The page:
Below is the script used in our Python Data Generation Transform to consume the JSON response:

       import requests
       import pandas
       token = "**Use Token from Graph API Explorer Here**"
       def req_facebook(req):
           r = requests.get("https://graph.facebook.com/v5.0/" + req , {'access_token' : token})
           return r
 
       r = req_facebook("DundasDataVisualization?fields=name,country_page_likes,events,new_like_count,visitor_posts.limit(10),videos,posts.limit(10),emails,location")
       results = r.json()
 
       dictName = { k:v for k,v in results.items() if 'name' in k }
       dictCountryPageLikes = { k:v for k,v in results.items() if 'country_page_likes' in k }
       dictEvents = {'events': len(results['events']['data'])}
       dictNewLikes = { k:v for k,v in results.items() if 'new_like_count' in k }
       dictVisitorPosts = {'visitor_posts': len(results['visitor_posts']['data'])}
       dictVideos = {'videos': len(results['videos']['data'])}
       dictOwnPosts = {'own_posts': len(results['posts']['data'])}
       dictEmail = { k:v for k,v in results.items() if 'email' in k }
       dictAddress = { k:v for k,v in results.items() if 'location' in k }
 
       dundasDict = {}
       dundasDict.update(dictName)
       dundasDict.update(dictCountryPageLikes)
       dundasDict.update(dictEvents)
       dundasDict.update(dictNewLikes)
       dundasDict.update(dictVisitorPosts)
       dundasDict.update(dictVideos)
       dundasDict.update(dictOwnPosts)
       dundasDict.update(dictEmail)
       dundasDict.update(dictAddress)
 
       dataFrame = pandas.io.json.json_normalize(dundasDict)
       return dataFrame
 
                    

Returning a Data Frame from the Python Data Generation Transform would help Dundas BI in recognizing the key value pairs in the Process Result Transform as illustrated in the screenshot below:

Fig. 5. Data Preview in DBI Data Cube

 

Designing the Dashboard in Dundas BI

Now that Dundas BI has recognized the data, it arranges it in the form of measures and dimensions based on their data types as shown in the figure below:

Fig. 6. DBI arranges the data in the form of Measures and Dimensions

Once the data is available in Dundas BI, we can design a dashboard to provide the required information at-a-glance. Below is a 500 x 450 px dashboard I’ve created that includes a Data Image, Data Labels, Labels, and Rectangle Components:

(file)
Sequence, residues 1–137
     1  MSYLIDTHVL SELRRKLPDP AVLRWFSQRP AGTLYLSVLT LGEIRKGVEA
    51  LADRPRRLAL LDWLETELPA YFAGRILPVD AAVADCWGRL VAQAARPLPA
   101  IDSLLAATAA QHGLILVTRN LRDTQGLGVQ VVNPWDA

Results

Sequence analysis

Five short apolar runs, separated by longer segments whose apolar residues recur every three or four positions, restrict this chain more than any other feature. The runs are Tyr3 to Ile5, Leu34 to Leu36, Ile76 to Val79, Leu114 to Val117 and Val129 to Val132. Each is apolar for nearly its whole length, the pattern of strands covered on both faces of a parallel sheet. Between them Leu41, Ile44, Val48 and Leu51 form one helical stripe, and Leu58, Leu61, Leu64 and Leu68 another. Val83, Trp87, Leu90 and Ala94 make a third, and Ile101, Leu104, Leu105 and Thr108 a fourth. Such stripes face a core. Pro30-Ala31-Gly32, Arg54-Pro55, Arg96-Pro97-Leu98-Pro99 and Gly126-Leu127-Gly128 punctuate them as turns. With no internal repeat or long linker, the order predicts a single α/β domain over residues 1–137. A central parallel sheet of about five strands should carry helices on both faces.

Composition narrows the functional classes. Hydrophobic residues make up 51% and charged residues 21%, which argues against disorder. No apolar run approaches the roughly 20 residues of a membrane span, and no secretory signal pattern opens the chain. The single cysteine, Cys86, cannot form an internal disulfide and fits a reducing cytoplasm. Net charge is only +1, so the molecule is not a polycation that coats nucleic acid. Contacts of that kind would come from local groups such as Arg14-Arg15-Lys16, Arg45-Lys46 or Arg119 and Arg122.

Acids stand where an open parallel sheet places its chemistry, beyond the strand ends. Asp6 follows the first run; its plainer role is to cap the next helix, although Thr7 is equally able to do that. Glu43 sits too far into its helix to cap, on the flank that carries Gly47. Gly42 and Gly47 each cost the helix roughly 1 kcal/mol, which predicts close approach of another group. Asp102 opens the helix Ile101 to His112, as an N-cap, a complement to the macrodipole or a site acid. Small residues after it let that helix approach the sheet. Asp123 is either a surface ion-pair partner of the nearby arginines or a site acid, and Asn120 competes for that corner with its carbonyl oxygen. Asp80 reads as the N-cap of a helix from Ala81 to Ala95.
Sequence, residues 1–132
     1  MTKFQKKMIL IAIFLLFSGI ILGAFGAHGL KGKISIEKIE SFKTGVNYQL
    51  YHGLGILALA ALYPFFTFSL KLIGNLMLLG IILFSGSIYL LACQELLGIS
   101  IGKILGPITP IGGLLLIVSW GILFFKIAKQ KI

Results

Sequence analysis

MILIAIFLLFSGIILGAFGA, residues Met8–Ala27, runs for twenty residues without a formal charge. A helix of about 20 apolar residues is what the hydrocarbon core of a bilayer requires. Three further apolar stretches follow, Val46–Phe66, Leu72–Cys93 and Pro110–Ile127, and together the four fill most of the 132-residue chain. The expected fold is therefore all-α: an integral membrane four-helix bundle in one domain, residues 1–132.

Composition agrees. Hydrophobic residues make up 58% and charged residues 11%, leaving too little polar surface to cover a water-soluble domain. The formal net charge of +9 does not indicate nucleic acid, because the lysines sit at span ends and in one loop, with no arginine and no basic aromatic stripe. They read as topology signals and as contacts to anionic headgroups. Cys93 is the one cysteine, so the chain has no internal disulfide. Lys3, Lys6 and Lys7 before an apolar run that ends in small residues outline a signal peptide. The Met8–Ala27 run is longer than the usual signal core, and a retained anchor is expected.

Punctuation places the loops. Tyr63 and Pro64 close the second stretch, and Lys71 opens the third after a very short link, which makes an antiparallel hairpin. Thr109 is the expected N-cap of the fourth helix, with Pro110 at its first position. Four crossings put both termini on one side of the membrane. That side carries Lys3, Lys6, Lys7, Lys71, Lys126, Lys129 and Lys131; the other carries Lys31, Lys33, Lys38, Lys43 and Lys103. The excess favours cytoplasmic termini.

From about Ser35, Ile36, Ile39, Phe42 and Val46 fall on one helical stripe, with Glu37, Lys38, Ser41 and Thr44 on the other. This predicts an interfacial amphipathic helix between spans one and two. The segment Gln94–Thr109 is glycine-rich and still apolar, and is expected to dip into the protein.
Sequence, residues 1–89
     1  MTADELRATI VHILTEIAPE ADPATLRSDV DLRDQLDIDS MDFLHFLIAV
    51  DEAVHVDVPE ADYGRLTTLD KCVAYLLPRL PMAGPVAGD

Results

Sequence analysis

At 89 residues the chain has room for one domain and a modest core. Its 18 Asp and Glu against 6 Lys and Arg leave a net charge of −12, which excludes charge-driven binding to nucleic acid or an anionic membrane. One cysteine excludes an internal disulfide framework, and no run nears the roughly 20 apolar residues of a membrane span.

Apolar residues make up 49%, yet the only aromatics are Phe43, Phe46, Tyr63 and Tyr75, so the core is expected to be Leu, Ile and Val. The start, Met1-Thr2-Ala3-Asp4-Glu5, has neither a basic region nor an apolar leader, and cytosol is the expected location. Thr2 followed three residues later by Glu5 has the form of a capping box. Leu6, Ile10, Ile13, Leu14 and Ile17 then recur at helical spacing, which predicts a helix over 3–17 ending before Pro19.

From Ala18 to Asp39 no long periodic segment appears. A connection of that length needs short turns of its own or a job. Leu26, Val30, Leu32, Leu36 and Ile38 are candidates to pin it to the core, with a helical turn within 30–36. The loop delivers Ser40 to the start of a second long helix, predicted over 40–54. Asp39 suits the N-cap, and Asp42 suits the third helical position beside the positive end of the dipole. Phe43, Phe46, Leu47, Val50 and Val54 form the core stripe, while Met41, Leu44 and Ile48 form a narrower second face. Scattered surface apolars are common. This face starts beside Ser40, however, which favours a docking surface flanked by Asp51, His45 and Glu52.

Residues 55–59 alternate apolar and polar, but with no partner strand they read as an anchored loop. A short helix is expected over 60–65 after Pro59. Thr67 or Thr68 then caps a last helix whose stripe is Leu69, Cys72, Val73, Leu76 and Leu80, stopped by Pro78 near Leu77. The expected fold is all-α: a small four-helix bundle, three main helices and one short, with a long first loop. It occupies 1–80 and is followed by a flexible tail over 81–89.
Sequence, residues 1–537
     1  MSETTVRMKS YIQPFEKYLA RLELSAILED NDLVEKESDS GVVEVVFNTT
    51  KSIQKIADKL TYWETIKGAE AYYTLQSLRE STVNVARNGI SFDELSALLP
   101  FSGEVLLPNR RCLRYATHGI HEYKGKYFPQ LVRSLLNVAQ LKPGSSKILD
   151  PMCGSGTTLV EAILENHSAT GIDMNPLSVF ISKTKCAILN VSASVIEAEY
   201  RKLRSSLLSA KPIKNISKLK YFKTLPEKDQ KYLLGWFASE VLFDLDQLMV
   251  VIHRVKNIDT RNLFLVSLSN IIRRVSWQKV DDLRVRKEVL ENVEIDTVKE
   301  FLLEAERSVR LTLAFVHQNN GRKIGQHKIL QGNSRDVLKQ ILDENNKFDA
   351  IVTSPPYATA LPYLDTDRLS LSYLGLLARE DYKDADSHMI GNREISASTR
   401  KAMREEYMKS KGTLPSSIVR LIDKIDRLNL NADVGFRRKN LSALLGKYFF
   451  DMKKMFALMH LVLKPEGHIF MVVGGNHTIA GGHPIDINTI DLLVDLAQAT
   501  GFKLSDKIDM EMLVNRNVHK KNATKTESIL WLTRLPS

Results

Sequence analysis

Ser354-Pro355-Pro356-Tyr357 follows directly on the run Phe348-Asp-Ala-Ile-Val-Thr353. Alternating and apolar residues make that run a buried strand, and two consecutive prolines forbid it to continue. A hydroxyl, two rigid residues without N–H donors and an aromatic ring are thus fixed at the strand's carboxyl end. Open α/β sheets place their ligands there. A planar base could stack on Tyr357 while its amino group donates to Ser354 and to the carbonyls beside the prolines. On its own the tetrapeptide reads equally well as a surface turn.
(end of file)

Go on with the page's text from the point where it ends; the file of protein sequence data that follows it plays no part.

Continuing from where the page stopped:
Fig. 7. Dashboard Layout – 1

Once the layout of the dashboard is complete, it is just a matter of dragging and dropping the measures and dimensions to their appropriate places. To start with, I have placed the Title, Address and Email components on their corresponding Data Labels as shown in the figure below:

Fig. 8. Dashboard Layout – 2

After completing the top part of the dashboard, the next step is to place the measures on their corresponding tiles. In order to place the measures, each tile should have a Data Label as well. I have added Data Labels to each of the tiles from Dundas BI’s Data Visualization dropdown and have then populated the Data Labels with their corresponding measures as shown in the figure below:

Fig. 9. Dashboard Layout – 3

The final step is to populate the Data Image with the display picture of our corporate Facebook page. In order to do that, simply fill the image path property of the Data Image with the URL of the display picture, which is in the following format:

https://graph.facebook.com/v5.0/<Page_ID>/picture

 

The Final Dashboard

After updating all the individual items on the dashboard, the final result will look like the following:

Fig. 10. Final Dashboard

 

As mentioned earlier in the blog, the data retrieved from the Facebook App was intentionally kept to a minimum to avoid delays in fetching large amounts of data (e.g., own posts and visitor’s posts are limited to 10 posts only).

Dundas BI provides multiple ways of interacting with social networking platforms like Facebook, Twitter, and LinkedIn. The method provided in this blog is just one way of achieving that. One of the other ways of achieving the same would be to build custom extensions.

To learn more about custom extensions in Dundas BI, I highly recommend reading this Support document.

About the Author

Razi Iqbal

Razi Iqbal is a Technical Trainer at Dundas Data Visualization. He has several years of experience in computing and data analysis and has trained many professionals and students in these areas. His keen interest lies in analyzing data generated from IoT devices and presenting them in a meaningful manner. He has numerous research articles published in reputed journals, magazines, and books.